Feedback Friday: Shark Rider 0.17 (Arges Systems)
“Here’s Shark Rider alpha build 0.17.”
Good Morning Gato # 122 – Ska Studios Minus Cats at E3 (Ska Studios)
“Read about Ska Studios at E3 and some more Burning Questions answered after the break!”
Comic Con 2013 – Day 4 (The Behemoth)
“Here’s the epic conclusion to another wonderful year at Comic Con! We made it!”
Today’s Indie Links include articles on beautiful indies, like The Witness and Proteus.
Here’s a look at the games from this year’s Molyjam (Gamasutra)
“Molyjam Deux, the second worldwide game jam inspired by the pie-in-the-sky thought processes of Black & White and Fable designer Peter Molyneux and his parody @petermolydeux, came to a close late last night with nearly 200 games from more than 30 participating jam locations.”
Staying Humble: Proteus’ Origins And Ed Key’s Next Game (RPS)
“Proteus is a warm, soothing bubble bath for the soul. The lo-fi first-person explorer lets players loose on an island that’s one part rainbow dreamscape and another chirpy chiptune music maze. Basically, it’s what I imagine nature lovers believe the outdoors to be, even though every real-life forest, hill, and tree is actually made entirely out of spiders. And yet, for all of Proteus’ high-minded inventiveness, it certainly didn’t start out that way. Creator Ed Key had to learn some very important lessons about, er, not being Skyrim before his first independently developed game traded bullets for butterflies, and – despite Proteus pulling in a fair deal of money – he’s trying very hard to keep them in mind for his next game.”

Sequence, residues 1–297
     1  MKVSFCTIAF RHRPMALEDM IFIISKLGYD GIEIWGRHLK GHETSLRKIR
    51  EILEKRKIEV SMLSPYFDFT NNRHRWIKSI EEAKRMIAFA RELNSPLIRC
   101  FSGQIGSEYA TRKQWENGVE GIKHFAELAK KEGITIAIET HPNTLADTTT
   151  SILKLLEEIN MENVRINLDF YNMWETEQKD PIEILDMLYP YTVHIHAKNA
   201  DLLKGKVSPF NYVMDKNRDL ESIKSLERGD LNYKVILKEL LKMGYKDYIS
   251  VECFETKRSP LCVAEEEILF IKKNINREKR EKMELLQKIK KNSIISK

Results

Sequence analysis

Witness The Witness (Eurogamer)
“There are a couple of refreshing things about Braid designer Jonathan Blow’s presentation of his next game The Witness on Sony’s stand at E3. The first is that it’s happening at all. The second is that he’s showing us the actual game. Such is the illusory nature of the great annual video game circus, where even virtual worlds aren’t real.”
Here’s Your Chance, Do Your Dance at the Kerbal Space Program Jam (Kotaku)